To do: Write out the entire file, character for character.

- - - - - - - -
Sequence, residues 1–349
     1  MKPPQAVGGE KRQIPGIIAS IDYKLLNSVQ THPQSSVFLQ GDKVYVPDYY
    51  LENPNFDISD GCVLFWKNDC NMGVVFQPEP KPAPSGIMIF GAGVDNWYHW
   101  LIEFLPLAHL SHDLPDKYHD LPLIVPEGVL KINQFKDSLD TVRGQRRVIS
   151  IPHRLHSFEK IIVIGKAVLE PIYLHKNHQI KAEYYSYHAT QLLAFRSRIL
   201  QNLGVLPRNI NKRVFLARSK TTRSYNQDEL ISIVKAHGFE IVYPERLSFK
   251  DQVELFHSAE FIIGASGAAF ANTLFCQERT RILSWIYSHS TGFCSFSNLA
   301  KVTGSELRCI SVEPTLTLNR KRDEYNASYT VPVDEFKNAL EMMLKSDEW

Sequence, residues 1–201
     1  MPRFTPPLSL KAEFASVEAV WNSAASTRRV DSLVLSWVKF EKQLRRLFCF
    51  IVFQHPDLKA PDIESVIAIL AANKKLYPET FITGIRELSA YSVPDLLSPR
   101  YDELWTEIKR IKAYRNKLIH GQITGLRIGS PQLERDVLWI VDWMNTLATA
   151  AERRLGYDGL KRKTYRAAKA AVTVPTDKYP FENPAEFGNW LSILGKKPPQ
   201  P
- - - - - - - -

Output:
Sequence, residues 1–349
     1  MKPPQAVGGE KRQIPGIIAS IDYKLLNSVQ THPQSSVFLQ GDKVYVPDYY
    51  LENPNFDISD GCVLFWKNDC NMGVVFQPEP KPAPSGIMIF GAGVDNWYHW
   101  LIEFLPLAHL SHDLPDKYHD LPLIVPEGVL KINQFKDSLD TVRGQRRVIS
   151  IPHRLHSFEK IIVIGKAVLE PIYLHKNHQI KAEYYSYHAT QLLAFRSRIL
   201  QNLGVLPRNI NKRVFLARSK TTRSYNQDEL ISIVKAHGFE IVYPERLSFK
   251  DQVELFHSAE FIIGASGAAF ANTLFCQERT RILSWIYSHS TGFCSFSNLA
   301  KVTGSELRCI SVEPTLTLNR KRDEYNASYT VPVDEFKNAL EMMLKSDEW

Sequence, residues 1–201
     1  MPRFTPPLSL KAEFASVEAV WNSAASTRRV DSLVLSWVKF EKQLRRLFCF
    51  IVFQHPDLKA PDIESVIAIL AANKKLYPET FITGIRELSA YSVPDLLSPR
   101  YDELWTEIKR IKAYRNKLIH GQITGLRIGS PQLERDVLWI VDWMNTLATA
   151  AERRLGYDGL KRKTYRAAKA AVTVPTDKYP FENPAEFGNW LSILGKKPPQ
   201  P